RTT verses Hypnotherapy

This certificate arrived this week and it made me think about how RTT is so much more than hypnotherapy.

Let me explain, I will use my experience of dealing with my own fear of flying and how the two therapies differed.

I booked an appointment with a hypnotherapist located in Liverpool city centre, on the third appointment (she didn’t show up for the first two – it matters, I was nervous), I was asked to sign a waiver form and popped onto a treatment bed. I was asked about how long I had been afraid of flying and was told that I would need at least four sessions.

Then, I was placed into hypnosis and given lots of positive suggestions about the safety of aeroplanes, how often safety checks are done and how well trained the cabin crew are. All very positive and very reassuring.

During the next three sessions, the same suggestions were repeated again*. As each of these sessions were 40 minutes long, it was a lovely experience to spend my lunchtime lying down with my eyes shut and relaxing. After each session, I returned to work feeling great.

Two days after my final session, I was on a flight to San Francisco and sat in my seat during the entire 15 hour journey because I was too scared to move.

It was horrendous, and the poor lady sitting next to me tried everything to coax me out of that damn seat, without success.

Then, I had an RTT session to find the root cause of this fear, and, as often happens in RTT, the reason was something I was completely unaware of.

As it turns out, my fear of flying was actually a fear of not being in control. A childhood experience had me believing that if I was not in control of everything around me, I was in danger.

Furthermore, because I had not dealt with this belief, as I did not know about it, it had a habit of showing up throughout my life in many different guises. A fear of flying was just a symptom of so much more.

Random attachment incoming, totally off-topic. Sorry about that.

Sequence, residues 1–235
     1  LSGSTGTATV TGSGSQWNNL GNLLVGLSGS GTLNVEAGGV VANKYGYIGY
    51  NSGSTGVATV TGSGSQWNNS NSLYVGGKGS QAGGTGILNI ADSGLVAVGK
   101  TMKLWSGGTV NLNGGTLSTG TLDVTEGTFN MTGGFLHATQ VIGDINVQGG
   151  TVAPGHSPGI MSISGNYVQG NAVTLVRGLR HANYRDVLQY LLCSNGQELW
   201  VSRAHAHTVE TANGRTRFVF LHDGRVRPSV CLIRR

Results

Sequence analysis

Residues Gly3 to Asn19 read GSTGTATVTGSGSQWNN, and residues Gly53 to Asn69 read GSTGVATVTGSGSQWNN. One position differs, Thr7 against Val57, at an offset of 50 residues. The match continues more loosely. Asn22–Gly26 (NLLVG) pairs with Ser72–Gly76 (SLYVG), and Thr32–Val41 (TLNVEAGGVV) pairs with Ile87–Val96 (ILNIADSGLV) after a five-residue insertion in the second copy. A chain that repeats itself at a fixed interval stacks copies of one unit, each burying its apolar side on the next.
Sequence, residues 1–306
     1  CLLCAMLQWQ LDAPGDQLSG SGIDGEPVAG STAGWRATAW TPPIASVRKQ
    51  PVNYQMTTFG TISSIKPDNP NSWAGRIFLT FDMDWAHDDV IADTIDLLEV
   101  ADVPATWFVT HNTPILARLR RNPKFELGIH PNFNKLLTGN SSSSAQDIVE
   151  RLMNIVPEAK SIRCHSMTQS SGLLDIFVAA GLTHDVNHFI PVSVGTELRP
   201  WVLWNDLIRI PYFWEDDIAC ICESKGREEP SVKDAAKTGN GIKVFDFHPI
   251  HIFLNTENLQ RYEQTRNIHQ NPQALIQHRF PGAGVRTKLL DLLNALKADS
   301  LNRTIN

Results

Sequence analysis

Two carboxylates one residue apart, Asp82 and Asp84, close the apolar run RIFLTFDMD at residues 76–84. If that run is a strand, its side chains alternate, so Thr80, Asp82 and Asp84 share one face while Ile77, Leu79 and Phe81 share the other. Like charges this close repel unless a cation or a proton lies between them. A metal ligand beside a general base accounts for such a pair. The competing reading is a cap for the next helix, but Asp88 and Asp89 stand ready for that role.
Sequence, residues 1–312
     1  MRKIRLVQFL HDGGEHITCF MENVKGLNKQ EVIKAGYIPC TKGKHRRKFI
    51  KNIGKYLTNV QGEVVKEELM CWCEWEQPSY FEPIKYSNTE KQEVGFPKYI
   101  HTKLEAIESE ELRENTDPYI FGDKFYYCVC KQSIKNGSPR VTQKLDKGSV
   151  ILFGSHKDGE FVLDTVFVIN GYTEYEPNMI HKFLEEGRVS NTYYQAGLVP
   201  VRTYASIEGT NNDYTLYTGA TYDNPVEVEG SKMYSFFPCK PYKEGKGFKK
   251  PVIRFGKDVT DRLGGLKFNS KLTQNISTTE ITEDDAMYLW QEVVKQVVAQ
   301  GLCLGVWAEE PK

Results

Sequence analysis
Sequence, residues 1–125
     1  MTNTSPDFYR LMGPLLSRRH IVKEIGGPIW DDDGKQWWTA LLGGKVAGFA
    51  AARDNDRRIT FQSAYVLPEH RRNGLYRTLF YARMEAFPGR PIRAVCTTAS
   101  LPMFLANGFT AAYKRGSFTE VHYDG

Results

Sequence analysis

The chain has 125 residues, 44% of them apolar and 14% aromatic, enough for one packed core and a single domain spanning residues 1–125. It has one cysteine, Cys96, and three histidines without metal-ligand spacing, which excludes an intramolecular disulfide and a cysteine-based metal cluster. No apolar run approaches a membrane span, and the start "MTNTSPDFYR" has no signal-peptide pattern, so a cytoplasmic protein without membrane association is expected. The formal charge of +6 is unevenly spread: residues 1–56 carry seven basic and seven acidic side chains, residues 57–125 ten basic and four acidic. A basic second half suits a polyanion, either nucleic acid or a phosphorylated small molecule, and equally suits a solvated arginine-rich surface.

My RTT therapist intervened and reframed this destructive belief into one that was far more relevant for me today. He then set about installing some much more appropriate ones and sent me a recording of these new beliefs to listen to for the following 21 – 28 days.

I didn’t need to see him again.

Two weeks later I was on a flight to Crete and went to the loo, read a book, listened to a podcast, drank coffee and realised, as we came into land, I had not worried about being in a plane for the entire 4 hour journey.

For completely transparency, as a direct result of that one RTT session, I have also relinquished any belief, however vaguely connected, to the idea that I need to be in control to be safe. This is because whatever happens, I now know that I have phenomenal coping skills.

So, there it is, my own personal experience of the difference between the two therapies. RTT does use hypnotherapy, but it is so much more!

*Sadly, I was not given a recording to take away and listen to.

1 thought on “RTT verses Hypnotherapy”

  1. Excellent read, I just passed this onto a friend who was doing a little research on that. And he actually bought me lunch because I located it for him smile So let me rephrase that: Thanks for lunch!

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